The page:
Not all computers were created equal. Some were born to educate, others for playing and in the case of the IBM PC it was for business. This has been already discussed in my famous article about golden age of sound cards (in Spanish, not yet translated to English). This time we will focus in the graphical aspect of the ancient and ubiquitous computer of the Big Blue. CGA, EGA, VGA… does it ring a bell to you?
Unlike contemporary home computers, PC architecture didn’t use an integrated graphics chipset, it would use expansion cards to undertake graphical tasks. This –along with its philosophy of a more-or-less open architecture– would result in many solutions coming into existence along its lifetime. I’ve devoured quite a lot of old computer magazine pages and thus my impressions.
Continue reading “Graphics cards of the IBM era”
Sound is present since videogames are such. From little beeps to the complex, positional digital audio system nowadays. Sound effects and music in the digital entertainment have come a long way, and so the necessary hardware has.
Among the electronic circuits that have made possible the sound aspect of the digital world there are really notable ones. Because the melodies they have been written for, the impact in the gaming (or general) culture, its capacities or simply because the leap they meant. As the dumb lists enthusiast I am, here is a list of some which, in my judgement, are the most interesting and deserve to be remembered.
Continue reading “Sound chips that shaped video games”
SimCity 2000 (Maxis, 1993) is one of my superfavourite games, ever. I’ve been playing it for 20 years and it’s partially responsible of my terrible grades at high school. I have always liked modifying games, but so far I haven’t been serious about decoding the data files of this city simulator. And I have found some quite interesting things!
There were ports in a great number of platforms, from the Macintosh (the original) to GameBoy Advance, but my favourite is MS-DOS, and it’s what this article is about. There are two interesting files: the executable (SC2000.EXE) and the data file (SC2000.DAT). Unfortunately, Windows version didn’t came out in Spanish (my mother language), and Network Edition version works awfully bad (and it is available only in English). Continue reading “Taking Sim City 2000 into pieces”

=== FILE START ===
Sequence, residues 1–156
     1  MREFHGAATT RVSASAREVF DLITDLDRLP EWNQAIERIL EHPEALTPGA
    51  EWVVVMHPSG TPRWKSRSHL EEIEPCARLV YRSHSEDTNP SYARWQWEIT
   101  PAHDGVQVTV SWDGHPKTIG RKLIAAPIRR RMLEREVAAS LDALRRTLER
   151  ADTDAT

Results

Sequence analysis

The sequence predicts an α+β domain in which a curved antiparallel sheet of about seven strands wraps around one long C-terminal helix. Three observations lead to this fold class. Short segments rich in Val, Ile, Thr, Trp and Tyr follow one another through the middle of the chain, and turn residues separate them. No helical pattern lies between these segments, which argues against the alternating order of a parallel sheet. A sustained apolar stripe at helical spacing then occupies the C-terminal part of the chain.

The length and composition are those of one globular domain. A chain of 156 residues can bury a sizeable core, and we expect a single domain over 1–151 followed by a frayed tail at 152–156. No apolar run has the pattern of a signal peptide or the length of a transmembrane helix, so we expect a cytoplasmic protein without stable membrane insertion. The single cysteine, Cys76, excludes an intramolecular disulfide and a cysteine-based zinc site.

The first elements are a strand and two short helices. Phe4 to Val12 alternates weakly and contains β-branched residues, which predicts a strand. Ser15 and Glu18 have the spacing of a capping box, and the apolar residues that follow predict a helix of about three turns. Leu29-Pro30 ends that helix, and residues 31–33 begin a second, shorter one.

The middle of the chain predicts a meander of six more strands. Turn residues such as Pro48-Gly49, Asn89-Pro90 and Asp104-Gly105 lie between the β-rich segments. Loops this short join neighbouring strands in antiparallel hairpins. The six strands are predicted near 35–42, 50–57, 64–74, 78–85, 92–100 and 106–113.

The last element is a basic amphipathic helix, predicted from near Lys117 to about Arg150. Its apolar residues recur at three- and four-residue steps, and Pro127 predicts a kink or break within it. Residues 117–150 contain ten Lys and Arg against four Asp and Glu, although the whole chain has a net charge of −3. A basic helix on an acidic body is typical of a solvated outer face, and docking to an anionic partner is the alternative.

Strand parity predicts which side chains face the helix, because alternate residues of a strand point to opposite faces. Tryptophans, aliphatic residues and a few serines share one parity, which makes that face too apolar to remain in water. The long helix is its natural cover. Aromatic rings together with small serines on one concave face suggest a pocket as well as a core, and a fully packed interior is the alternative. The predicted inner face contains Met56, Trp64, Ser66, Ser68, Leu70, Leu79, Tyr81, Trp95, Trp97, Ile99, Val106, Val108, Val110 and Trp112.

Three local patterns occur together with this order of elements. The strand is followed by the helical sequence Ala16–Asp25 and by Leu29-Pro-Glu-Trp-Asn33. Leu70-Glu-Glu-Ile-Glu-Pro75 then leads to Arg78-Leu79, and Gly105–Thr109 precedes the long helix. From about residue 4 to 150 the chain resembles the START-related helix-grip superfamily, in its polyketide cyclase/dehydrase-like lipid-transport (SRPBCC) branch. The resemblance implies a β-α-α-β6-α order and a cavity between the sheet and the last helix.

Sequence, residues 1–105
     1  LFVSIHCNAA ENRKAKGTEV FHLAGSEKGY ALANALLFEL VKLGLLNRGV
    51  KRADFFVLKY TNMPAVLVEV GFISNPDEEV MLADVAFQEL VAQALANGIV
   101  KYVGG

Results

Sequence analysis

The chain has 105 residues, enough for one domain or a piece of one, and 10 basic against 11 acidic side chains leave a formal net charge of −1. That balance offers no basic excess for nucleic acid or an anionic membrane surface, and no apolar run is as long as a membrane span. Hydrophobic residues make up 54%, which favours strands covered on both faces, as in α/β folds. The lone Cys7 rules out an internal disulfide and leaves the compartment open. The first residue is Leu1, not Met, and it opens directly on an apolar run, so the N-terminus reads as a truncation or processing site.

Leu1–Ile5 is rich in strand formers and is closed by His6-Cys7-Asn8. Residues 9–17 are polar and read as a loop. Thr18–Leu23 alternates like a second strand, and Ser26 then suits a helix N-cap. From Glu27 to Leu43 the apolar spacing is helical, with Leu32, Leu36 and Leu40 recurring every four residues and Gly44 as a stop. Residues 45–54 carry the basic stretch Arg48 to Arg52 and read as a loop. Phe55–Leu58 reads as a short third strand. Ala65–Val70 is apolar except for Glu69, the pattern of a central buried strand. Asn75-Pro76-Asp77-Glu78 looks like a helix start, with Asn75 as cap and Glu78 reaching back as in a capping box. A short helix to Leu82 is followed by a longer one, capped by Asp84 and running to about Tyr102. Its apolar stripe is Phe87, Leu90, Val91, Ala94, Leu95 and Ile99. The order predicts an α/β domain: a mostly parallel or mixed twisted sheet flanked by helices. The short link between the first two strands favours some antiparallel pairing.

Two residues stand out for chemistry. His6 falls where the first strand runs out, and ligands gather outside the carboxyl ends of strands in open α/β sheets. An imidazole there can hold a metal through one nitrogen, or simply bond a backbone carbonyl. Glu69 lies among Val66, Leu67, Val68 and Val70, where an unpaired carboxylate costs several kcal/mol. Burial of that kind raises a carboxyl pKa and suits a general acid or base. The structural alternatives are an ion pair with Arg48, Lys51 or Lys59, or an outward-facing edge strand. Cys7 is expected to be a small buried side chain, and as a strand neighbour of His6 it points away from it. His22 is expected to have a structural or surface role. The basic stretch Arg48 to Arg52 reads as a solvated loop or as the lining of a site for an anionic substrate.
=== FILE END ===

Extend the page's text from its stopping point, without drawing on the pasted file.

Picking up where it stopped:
The main JSF feature (or, at least, the one I like the most) is the ease to link controller bean attributes to xhtml view. However there’s an inherent important limitation: in the HTTP standard keys and values always will be strings, because they are sent that way. Of course you could serialize an object to base64, but a barbaric thing like that should be avoided in almost any circumstance.
Then how can we link a HTTP control to an object? For that, JSF provides converters. Well, it will allow you to program them, of course. Neither PrimeFaces, my library of choice, includes these converters. Thus, I’ve programmed a simple one for SelectOneMenu, the dropdown menus in the like of a combobox. I’ll leave it here for my own reference, and for anyone that could use it.
Continue reading “JSF converter for SelectOneMenu”
At this stage is needless to say that Amiga is one of the most loved architectures by its fans, or that its multimedia capabilities made its demoscene one of the most important. One of the most long-remembered productions is, of course, State of the Art, by the group Spaceballs, from 1992.
Technology behind this demo is not groundbreaking. It is true that the use of rotoscope made it very interesting, but for the rest it could go unnoticed. It was however very bold regarding one thing: it was one of the first demos that used mainstream techno themes. For first time you could show it to a person not from demoscene circles (those nerds with their computers!) and exclaim: “That’s dope, dude!”
Continue reading “State of the Art: mémoires”